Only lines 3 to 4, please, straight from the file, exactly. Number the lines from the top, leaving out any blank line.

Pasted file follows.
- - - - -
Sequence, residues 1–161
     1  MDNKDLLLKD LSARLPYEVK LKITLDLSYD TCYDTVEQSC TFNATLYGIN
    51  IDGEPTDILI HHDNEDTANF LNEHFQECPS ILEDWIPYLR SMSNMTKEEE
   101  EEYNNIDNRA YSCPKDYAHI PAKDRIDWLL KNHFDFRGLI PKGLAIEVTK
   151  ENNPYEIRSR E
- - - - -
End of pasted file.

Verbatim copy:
    51  IDGEPTDILI HHDNEDTANF LNEHFQECPS ILEDWIPYLR SMSNMTKEEE
   101  EEYNNIDNRA YSCPKDYAHI PAKDRIDWLL KNHFDFRGLI PKGLAIEVTK